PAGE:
Thanks, love-ya (note:  that was not “I love you”, that has a very different meaning)

Owen

A note from the Editor:  As Owen calls out, his mom is very superstitious about these things.  It should be made very clear that the above thoughts are Owen’s thoughts and Owen’s alone.  Mentioning life without nasal cannulas at some unknown time in the future is not reason to be jinxed with an illness that would set Owen back further and extend his time on nasal cannulas…so blogger jinx, stay away!  Thank you.

A note from the Paparazzi:  It should me noted that after taking pictures of the evidence of Owen’s transgressions, I’m always sure to follow the doctor’s orders and replace the cannulas in his nose.  I’m one of those honest, paparazzi.  Paparazzi jinx, also, stay away.  Thank you.

A Wean, A Wean!

We’re posting a little late today – it’s been a busy day, but all in good ways.  This 75 degree weather is wonderful!

After what felt like the longest slide backward this winter, Owen’s Pulmonary doctor has given orders to reduce the amount his diuretic he is given by 25%.  This is the first step since January that is working towards reducing from his baseline Oxygen support.  We still have a long way until Owen’s warning to Nasal Cannulas can come true; he has to completely come off the diuretics before she will start weaning his oxygen from his current 1/8 liters per minute.  Then he will have to go to 1/16 and, maybe 1/32 before he’s off.  If all goes really, really well it will probably be a few months.  That timing puts us right back to cold and flu season and if he has another winter like last then we could be looking at much longer so I don’t want to get too excited, but it is a nice sigh of relief to be making progress from the baseline he was last at six months ago.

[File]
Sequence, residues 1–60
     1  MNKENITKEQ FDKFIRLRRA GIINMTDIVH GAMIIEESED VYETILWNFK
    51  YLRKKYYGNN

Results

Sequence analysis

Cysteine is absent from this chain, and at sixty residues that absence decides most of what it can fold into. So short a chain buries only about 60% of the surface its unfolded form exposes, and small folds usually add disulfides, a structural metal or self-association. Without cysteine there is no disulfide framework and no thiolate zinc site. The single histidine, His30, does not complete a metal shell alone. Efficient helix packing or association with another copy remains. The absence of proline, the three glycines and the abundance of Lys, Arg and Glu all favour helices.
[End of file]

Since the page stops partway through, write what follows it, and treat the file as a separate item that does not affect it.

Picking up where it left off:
What do diuretics have to do with an oxygen wean? Children with Bronchopulmonary Displacia (BPD), the form of Chronic Lung Disease that plagues preemies, often struggle with edema, or water retention.  That excess fluid can get into the lungs making the lungs not distribute oxygen as well and can also create blockages that make breathing more work .  Diuretics help rid the body of excess fluids so it doesn’t collect in his lungs.  Because he’s been on diuretics his entire life, Owen’s body has become dependent on them so he will need to wean slowly, versus just stop in one fell swoop.  Before this new order from the doctor, Owen’s been on the same daily dose of diuretics as when he left the NICU and he’s nearly doubled his weight, so in reality he’s been weaning just by growing but this is the first active reduction is dose.

I have evidence that Owen still needs his diuretics, I recently woke up in the morning to find the full diuretic syringe next to his bed – I had mistakenly missed giving it to him the night before. Just missing that one dose impacted his day.  He required a neb, which he hasn’t been requiring lately, and I could see mild edema when I changed his diaper.  I’m not sure many others would have noted the mild differences, but if it’s noticeable to me after missing one dose, I know that his body is still depending on the diuretics to help his breathing.

If you want a fuller description of BPD, here is my favorite explanation in lay terms.